The language of The Earth Charter is about as careful and deliberate as any I know, which is why I begin with it. Yet the paradox, I think, cannot be resolved. It is the reality that humans have capacities distinct from all other forms, with regard to the biotic and abiotic diversity of the planet. And yet, every diverse form of which Earth consists – including the human – is subject, ultimately, to the same pressures of interdependence and interconnectivity as any other.

Having set the bar pretty high regarding this question of formative language, I would like to hold up against The Earth Charter, the language of four other documents.

The first is the bible. In the Genesis stories of Creation, we hear a couple things: one, although all creation is worthy of blessing, the humans are the Chosen, called out by God, set apart, and awarded dominion and rule over all creatures. The humans are also charged with care taking; the Church calls it stewardship. I want to say unequivocally that the language here does, in fact, matter. Stewardship implies oversight, management. It does not imply – as The Earth Charter does – that all beings are interdependent. Moreover, as the language and ethical tenets of scripture serve to dictate the shape of the worship of the church, religious assemblies are deeply imbued with a theology that cannot stand the scrutiny of the science. Humans are not called out, not the Chosen, not set apart. Whether we are biblical literalists or prefer to understand the creation stories as myth, the theology is formative. The language matters because it has formed and shaped us for millennia, even those of us (the nones) who claim no religious affiliation.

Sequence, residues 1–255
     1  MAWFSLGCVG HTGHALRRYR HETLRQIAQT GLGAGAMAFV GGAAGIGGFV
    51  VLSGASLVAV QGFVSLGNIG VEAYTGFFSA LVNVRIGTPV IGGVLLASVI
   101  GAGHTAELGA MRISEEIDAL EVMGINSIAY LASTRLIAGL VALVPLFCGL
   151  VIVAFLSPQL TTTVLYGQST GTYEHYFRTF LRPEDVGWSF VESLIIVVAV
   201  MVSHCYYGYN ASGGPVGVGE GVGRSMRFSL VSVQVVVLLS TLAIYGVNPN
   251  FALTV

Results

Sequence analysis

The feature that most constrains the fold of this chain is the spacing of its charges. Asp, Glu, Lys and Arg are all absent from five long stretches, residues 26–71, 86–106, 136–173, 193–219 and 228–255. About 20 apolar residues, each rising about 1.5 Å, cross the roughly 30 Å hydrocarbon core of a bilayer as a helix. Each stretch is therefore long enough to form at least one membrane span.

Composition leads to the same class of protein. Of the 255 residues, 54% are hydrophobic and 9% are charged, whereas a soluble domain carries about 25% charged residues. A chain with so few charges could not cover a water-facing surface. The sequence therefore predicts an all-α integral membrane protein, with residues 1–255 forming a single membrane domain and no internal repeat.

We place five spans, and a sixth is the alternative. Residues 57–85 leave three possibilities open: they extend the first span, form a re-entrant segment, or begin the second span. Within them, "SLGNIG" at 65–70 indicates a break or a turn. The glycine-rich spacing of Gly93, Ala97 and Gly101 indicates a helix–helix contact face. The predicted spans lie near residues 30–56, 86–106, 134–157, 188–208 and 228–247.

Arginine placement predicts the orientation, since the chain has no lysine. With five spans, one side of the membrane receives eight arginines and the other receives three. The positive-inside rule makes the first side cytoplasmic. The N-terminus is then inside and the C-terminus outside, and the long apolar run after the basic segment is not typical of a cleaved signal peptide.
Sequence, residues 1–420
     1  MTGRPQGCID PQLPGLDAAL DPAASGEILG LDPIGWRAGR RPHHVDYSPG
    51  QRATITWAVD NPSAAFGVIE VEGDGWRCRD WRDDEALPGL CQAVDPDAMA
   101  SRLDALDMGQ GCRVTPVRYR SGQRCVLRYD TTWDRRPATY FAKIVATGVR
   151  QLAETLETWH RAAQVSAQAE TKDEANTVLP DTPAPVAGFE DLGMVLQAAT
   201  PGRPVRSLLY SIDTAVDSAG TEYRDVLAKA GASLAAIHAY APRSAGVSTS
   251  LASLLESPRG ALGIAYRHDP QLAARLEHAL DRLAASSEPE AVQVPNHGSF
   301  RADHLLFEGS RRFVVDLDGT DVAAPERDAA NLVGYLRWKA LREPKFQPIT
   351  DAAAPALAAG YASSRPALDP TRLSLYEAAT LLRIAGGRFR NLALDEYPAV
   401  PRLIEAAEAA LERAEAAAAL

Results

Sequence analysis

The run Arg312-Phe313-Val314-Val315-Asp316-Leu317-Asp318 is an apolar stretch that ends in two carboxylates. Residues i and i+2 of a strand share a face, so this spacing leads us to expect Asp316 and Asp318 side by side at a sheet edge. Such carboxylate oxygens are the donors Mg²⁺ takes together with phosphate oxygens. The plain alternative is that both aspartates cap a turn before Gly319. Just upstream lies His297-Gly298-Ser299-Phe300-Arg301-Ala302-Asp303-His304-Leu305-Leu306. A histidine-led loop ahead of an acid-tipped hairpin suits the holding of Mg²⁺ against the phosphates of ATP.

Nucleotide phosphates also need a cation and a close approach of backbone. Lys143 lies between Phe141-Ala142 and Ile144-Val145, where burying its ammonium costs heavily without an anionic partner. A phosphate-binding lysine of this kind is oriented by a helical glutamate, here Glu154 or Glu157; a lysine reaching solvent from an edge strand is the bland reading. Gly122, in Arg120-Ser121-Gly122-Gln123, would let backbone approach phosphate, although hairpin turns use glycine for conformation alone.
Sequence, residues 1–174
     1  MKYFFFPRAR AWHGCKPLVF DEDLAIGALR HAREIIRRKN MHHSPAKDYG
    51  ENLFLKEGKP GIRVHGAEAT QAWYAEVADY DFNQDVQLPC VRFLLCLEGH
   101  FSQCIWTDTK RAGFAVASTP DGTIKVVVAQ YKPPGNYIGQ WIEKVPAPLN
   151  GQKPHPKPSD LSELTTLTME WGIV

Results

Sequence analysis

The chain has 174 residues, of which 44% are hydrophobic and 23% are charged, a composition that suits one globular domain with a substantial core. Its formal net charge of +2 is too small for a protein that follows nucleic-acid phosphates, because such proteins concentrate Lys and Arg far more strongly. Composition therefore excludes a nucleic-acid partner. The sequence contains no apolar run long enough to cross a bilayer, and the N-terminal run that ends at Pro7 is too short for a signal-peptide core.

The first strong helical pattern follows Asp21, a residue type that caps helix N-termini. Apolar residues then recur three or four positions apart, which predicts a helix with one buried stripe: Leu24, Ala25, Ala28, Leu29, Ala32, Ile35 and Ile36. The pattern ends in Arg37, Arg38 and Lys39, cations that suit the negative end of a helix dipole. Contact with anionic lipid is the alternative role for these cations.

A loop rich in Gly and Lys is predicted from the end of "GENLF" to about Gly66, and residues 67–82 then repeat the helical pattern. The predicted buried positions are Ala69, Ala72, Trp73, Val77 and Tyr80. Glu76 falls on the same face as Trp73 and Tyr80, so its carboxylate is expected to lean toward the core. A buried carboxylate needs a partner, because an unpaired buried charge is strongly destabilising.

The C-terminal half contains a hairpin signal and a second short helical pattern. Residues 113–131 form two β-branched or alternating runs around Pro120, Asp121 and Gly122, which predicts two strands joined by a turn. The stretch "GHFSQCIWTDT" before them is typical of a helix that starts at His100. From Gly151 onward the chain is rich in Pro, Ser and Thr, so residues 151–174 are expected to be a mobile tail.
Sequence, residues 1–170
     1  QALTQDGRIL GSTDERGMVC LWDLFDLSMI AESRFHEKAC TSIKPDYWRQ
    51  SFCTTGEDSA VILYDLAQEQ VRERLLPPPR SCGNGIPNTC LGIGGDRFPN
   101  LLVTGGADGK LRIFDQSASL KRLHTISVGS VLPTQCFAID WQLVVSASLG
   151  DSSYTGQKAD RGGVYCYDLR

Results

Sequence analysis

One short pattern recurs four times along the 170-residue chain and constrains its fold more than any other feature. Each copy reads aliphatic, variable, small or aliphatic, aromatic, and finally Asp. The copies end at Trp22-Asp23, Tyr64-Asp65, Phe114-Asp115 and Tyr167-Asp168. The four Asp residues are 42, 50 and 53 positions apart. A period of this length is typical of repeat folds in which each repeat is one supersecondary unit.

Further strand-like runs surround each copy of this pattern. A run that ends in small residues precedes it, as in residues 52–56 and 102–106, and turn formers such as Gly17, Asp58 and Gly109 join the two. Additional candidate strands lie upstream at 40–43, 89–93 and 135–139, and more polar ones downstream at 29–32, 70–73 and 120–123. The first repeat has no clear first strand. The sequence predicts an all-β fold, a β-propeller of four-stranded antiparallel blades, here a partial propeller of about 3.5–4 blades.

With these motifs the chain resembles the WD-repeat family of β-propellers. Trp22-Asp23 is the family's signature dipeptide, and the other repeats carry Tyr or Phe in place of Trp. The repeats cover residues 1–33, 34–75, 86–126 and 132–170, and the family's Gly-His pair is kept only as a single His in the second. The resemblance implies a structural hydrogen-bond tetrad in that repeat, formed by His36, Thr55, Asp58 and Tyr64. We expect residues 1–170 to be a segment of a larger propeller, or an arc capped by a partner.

The second document is The Charter for Compassion, a global effort initiated by Karen Armstrong. Not quite as problematic as the scriptural account of creation, maybe, but its sole focus on human-to-human behavior omits two significant principles. The first, articulated so clearly in The Earth Charter, is the recognition of the interdependence and interconenctedness of every form of life. The second is the implication by omission, that compassion of human to human – that social justice human to human – can in fact be accomplished without the recognition that eco-justice (eco-compassion) and human justice (human compassion) are intricately intertwined. One cannot happen without the other. I like to think in terms of possibilities, and not many additional words, it is certainly possible to widen the embrace of compassion to include compassion for Earth.

The third document of note is The United Nations Millennium Development Goals. There are eight of them, including the eradication of poverty and hunger, universal education, gender equality, and several health provisions. Number Seven (next to last) is Environmental Sustainability, as though the environment were in some way distinct from the global conditions of poverty, ill health, hunger, inaccessibility to clean water, etc. Next to last as though the conditions of poverty and hunger could be addressed without addressing ecological healing and health. In a similar way as above, it takes very little to move from the goal of environmental sustainability as the next to last goal, to language which might allow us to understand ecological health as the ground for all the other Millennium Development Goals.